Garden of the Gods is a public park and National Natural Landmark. It is Colorado Springs’ #1 public park and a popular place for rock climbers.
Located just 15 minutes northwest of downtown, the park welcomes 2 million visitors annually. On a beautiful day like today, the park and visitor center fill with inquisitive tourists like me.
The visitor’s center offers a great panorama view of the park (with Pikes Peak in the background). Inside, there are really well done displays on the history of the rocks, the early inhabitants and suggested highlights within the park. It is worth your time to spend a half an hour in the center before continuing into the park.
Take a moment to absorb the natural beauty that surrounds you.
There are challenging hikes and wheelchair accessible paths which makes Garden of the Gods an easy way to explore the outdoors. We spent most of our time walking along the Central Garden path, which included the Cathedral Spires, Tower of Babel, Signature Rock and Pulpit Rock.
Getting around is quite easy. Paved paths make the park very accessible, all the while you can explore or take more challenging hikes if you so desire.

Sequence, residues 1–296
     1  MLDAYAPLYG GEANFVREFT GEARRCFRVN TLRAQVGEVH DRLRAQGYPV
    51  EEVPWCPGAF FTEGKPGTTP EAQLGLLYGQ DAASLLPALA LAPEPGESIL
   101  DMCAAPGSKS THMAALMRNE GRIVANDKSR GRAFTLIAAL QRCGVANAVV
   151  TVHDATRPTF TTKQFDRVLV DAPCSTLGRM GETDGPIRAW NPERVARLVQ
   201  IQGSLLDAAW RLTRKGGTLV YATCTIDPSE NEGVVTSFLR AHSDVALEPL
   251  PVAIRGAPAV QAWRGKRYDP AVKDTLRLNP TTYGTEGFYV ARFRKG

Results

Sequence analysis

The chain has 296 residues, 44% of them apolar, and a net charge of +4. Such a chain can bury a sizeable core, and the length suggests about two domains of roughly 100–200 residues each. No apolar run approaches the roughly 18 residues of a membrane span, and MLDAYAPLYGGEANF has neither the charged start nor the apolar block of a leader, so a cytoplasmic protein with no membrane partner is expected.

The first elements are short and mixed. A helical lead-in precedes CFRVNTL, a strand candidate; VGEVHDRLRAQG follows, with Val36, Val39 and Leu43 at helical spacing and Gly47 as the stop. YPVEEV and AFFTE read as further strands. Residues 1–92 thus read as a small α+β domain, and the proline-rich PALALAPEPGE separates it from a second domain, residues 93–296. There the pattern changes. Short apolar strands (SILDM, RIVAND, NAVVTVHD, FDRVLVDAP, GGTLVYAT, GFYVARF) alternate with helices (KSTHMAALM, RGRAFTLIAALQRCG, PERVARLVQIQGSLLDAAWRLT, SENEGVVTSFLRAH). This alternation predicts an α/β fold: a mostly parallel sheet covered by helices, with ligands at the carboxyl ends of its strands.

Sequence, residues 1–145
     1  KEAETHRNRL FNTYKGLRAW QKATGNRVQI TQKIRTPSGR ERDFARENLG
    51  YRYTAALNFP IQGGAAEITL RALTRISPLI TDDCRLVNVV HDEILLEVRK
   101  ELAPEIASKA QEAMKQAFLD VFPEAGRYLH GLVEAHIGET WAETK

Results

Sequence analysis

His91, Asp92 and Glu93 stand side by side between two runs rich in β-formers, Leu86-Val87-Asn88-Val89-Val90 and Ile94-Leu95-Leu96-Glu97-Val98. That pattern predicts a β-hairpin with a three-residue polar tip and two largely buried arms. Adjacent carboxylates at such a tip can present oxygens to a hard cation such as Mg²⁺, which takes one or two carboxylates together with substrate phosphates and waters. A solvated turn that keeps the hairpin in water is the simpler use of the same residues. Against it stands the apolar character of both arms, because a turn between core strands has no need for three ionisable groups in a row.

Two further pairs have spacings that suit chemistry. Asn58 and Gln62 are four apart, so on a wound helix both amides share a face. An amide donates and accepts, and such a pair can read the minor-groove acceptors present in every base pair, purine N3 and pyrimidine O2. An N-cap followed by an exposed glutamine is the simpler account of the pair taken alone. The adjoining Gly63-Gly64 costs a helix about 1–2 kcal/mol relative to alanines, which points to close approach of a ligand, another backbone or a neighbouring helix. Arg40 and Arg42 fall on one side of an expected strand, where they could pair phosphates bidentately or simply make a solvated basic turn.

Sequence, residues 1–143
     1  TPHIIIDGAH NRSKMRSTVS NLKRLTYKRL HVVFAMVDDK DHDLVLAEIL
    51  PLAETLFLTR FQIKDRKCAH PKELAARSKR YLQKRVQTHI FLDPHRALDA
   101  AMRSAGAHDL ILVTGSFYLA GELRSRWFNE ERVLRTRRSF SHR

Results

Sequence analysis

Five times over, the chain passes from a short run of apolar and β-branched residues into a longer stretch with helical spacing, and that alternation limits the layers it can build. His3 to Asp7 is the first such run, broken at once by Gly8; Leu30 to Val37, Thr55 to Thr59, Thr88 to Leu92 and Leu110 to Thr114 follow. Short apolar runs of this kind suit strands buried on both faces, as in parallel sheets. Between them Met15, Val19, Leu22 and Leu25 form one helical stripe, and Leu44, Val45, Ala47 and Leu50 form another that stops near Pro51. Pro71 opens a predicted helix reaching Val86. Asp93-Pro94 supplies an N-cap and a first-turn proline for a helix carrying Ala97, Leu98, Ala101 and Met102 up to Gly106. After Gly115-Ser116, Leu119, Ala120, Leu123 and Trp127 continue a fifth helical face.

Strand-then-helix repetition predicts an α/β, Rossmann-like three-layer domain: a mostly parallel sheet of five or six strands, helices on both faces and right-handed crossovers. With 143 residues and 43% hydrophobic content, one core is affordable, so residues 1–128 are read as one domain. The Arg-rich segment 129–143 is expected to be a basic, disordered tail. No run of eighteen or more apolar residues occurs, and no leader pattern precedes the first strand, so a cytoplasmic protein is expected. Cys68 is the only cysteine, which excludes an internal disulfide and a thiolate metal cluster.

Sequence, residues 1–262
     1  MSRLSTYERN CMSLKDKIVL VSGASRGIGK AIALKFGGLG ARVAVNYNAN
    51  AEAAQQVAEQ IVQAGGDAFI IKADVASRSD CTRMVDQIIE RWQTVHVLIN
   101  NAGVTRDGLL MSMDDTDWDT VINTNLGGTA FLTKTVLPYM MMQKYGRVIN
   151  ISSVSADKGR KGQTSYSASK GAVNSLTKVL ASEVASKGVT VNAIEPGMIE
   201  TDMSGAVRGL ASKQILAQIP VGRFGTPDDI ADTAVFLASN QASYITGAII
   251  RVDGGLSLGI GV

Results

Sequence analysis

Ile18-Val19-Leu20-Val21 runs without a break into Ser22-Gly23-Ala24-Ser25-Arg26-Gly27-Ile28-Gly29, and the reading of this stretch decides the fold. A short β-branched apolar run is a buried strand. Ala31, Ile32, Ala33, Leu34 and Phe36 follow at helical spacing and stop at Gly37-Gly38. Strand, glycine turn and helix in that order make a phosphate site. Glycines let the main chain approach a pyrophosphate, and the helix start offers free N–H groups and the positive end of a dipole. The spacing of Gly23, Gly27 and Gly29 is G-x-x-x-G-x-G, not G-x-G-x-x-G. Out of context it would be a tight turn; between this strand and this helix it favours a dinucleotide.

These rocks are very popular with rock climbers and we saw many throughout the day. Climbing is free, you just need to register and wear proper gear and use the proper equipment. They say over 7,500 climbers get a permit every year. If you’re new to the area or just want to get your climbing fix as quickly as possible, paid guides can show you the ropes.
Rock climbing requires a permit unless you’re a kid with inattentive parents in which case I say go for it.
I had never before heard of a National Natural Landmark. It sounded like the junior leagues for National Parks. In many ways, I suppose it is. NNL’s are actually decided by the Secretary of the Interior, but they are not necessarily federally managed. In many cases, the land is private.
In the case of Garden of the Gods, the land was originally purchased by Charles Elliot Perkins. When he died in 1909, the land was gifted to the city of Colorado Springs with the requirement that it remain free to the public forever. Since acquisition, the city expanded the park from 480 acres to it’s current size of 1,364 acres.
A plaque on the North Gateway Rock commemorates the original exchange.
Check out the official website for admission and operating hours.